Women’s Day at Israeli embassy is any other day 

“Our composition here is spontaneous,” says Kursh,“ but our foreign ministry pushes gender equality.

Written by Srijana Mitra Das | New Delhi | Updated: March 8, 2017 11:46 am
 Israeli embassy, women's day, International women's day, Israeli embassy on women's day, Israel Parliament, indian express news Head of Public Diplomacy Ditza Froim, Domestic Political Advisor Adva Vilchinski and Spokesperson Avigail Spira at the Israeli embassy. (Express photo by Tashi Tobgyal)

Israel’s biggest Embassy in Asia is in Delhi — and all its senior political diplomats, except Ambassador Daniel Carmon, are women. The Embassy’s political diplomatic team, Deputy Chief of Mission Dana Kursh, Head of Public Diplomacy Ditza Froim, Domestic Political Advisor Adva Vilchinski and Spokesperson Avigail Spira, explained the Israeli “women’s way” on International Women’s Day. “Our composition here is spontaneous,” says Kursh, “but our foreign ministry pushes gender equality. New entrants to the diplomatic corps are equally men and women.”

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Spira adds, “In my course, over 50% recruits were women. Among our top-most ambassadors and consuls, about 20% are women.” Vilchinski notes, “We’re part of a worldwide change; everyday, we see more women in public policy, as decision-makers, CEOs, particularly young leadership.” But, given universal pressures around family life, is being a woman leader smooth? Vilchinski grins, “Well, we brought our men with us. My husband works at a start-up. When he told friends, ‘I’m moving to India with my wife’, that surprised people. Usually, when men move with their families for work, no-one finds it surprising. But Israel challenges traditional notions. For instance, Israel’s Parliament passed a law permitting an hour daily for “parenthood”, both for men and women — this questions only women having to take care of children. Fathers or mothers can avail of parental leave.”

Kursh notes, “In our workforce, 67.8% of women hold full-time positions — and 75% women are mothers.” Upturning conventions is ingrained in Israel’s history. Spira explains, “When Israel was founded, Europe was just waking up to women’s rights. But Israel was built on community attitude, where men and women are equal. Men and women fought alongside, built the kibbutz together, broke patriarchal norms. Golda Meir was our PM way back in the 60s; today, we have the highest number of women ever in our Parliament.”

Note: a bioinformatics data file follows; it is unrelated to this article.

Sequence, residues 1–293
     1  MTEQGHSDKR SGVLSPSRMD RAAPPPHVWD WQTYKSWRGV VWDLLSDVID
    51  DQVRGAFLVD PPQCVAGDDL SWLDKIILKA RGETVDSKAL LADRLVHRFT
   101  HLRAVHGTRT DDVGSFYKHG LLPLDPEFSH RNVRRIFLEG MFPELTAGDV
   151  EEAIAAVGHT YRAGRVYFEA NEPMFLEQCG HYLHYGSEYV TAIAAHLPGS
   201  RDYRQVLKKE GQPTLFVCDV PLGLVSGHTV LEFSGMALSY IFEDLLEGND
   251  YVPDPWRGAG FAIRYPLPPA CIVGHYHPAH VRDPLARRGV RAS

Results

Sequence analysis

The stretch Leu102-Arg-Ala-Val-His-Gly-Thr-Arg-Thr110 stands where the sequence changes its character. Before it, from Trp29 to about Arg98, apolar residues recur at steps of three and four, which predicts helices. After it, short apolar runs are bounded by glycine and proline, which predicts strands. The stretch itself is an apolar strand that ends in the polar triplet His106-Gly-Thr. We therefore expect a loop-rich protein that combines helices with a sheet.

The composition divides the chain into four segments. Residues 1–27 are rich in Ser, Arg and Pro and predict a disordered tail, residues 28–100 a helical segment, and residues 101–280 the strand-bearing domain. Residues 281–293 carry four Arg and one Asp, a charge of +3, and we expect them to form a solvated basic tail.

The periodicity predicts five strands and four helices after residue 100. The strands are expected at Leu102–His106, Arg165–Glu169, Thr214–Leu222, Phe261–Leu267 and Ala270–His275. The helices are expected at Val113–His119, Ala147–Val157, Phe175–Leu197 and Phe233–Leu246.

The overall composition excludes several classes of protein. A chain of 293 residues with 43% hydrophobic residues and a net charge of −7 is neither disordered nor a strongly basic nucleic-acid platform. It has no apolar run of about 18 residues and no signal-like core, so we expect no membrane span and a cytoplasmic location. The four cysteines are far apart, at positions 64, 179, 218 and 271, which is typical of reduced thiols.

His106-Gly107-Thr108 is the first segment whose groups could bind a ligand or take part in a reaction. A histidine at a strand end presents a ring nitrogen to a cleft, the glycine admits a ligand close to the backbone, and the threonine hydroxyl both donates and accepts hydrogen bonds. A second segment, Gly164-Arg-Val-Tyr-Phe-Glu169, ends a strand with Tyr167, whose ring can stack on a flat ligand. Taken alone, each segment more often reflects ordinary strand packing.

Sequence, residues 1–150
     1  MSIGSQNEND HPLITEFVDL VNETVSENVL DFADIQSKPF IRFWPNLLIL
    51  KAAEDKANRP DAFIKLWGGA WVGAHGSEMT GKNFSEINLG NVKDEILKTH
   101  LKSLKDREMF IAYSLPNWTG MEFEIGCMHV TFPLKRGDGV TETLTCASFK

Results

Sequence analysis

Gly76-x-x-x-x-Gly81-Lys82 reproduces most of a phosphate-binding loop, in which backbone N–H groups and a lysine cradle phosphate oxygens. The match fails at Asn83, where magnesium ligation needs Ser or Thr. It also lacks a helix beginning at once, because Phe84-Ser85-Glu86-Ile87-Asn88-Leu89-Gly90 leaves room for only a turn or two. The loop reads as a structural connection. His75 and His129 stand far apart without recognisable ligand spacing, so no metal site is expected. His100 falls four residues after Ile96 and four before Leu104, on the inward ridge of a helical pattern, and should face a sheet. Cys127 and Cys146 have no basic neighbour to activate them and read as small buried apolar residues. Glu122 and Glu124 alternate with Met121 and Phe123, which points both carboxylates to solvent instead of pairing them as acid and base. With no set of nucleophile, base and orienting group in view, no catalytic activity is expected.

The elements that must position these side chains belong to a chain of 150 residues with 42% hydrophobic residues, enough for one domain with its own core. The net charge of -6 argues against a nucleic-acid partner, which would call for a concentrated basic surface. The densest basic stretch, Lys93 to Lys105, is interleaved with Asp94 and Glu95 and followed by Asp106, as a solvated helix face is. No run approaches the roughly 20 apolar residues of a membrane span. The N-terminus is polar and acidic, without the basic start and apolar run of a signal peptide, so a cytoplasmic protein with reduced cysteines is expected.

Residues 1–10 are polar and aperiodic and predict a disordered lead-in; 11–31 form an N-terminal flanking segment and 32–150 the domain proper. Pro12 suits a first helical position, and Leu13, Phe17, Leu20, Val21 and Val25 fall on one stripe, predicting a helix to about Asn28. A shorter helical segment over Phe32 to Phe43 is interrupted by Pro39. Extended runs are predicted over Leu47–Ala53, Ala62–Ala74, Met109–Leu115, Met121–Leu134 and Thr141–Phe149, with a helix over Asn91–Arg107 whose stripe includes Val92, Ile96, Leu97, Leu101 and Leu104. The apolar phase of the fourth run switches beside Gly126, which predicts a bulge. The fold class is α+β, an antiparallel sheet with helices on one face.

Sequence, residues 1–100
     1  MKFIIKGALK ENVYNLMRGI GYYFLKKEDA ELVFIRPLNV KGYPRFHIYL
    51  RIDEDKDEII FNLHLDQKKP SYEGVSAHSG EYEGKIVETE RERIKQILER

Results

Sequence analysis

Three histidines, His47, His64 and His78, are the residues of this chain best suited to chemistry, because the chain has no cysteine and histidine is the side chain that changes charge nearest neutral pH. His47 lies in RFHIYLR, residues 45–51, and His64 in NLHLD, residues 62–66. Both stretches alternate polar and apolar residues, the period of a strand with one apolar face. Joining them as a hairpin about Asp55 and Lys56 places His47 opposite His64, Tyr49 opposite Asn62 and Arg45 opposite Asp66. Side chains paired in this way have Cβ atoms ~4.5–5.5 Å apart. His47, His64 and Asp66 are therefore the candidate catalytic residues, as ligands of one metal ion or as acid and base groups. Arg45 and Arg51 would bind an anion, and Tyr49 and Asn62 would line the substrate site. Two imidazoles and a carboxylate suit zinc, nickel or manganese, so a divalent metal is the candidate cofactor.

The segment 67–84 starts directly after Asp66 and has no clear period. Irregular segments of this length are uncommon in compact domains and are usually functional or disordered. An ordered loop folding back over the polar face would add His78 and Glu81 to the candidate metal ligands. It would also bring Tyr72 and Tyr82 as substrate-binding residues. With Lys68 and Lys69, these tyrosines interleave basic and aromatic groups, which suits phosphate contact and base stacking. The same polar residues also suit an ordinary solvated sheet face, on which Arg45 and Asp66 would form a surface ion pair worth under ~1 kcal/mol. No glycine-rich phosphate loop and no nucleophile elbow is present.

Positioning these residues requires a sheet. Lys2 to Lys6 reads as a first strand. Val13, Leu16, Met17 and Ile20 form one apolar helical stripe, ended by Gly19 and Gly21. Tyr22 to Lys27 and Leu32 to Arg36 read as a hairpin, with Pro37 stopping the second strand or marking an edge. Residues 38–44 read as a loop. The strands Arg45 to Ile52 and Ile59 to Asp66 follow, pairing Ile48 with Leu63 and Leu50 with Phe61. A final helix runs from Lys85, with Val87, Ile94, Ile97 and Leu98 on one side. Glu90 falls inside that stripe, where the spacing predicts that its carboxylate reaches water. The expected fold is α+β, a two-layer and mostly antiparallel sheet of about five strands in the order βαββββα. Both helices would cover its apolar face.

Military service is a huge help. Conscription in Israel is mandatory — men do three years, women two. Spira notes, 88% positions are available to women and 43% new recruits are women. There are female officers, soldiers, social workers, commanders, combatants, pilots. Vilchinski recalls, “I was a guide for the artillery force. It’s a typical ‘womanly’ post, training soldiers — but because women guides were so talented, they began training a few to be officers. In that course, I was the only woman with 31 men — I had a separate room, a bit far-away, so I had less time to change. But, otherwise, we were totally the same.”

Such eye-opening leads to greater success. Froim says, “The army is part of the secret behind Israel’s start-up story. Being an entrepreneur means you take quick decisions without all the facts, be daring — this is what the army trains us for. With the hard challenges, women grow up within months of joining the army; so do men. Some Israeli men come from very traditional groups; they wouldn’t associate with women freely. Suddenly, when they’re in the military, they have no choice. They understand that women are not just for marriage, reproduction; a woman is an equal — and a woman is going to save your life.”

Notably, a woman official of the Embassy was seriously wounded in a targeted terror attack in Delhi in 2012. But her successors show a feisty spirit. Ambassador Carmon says, “Israel believes in promoting women, empowering them to empower us. I’m lucky to be surrounded by the talent women bring.” But there are thorny stereotypes about women in positions of authority. Kursh says, “When I was heading for my first posting in the US, my CG was a woman — everyone warned me there’d be ‘cat fights’. But we worked together as a team. Here, in Delhi, it’s Israeli girl power at its best.”

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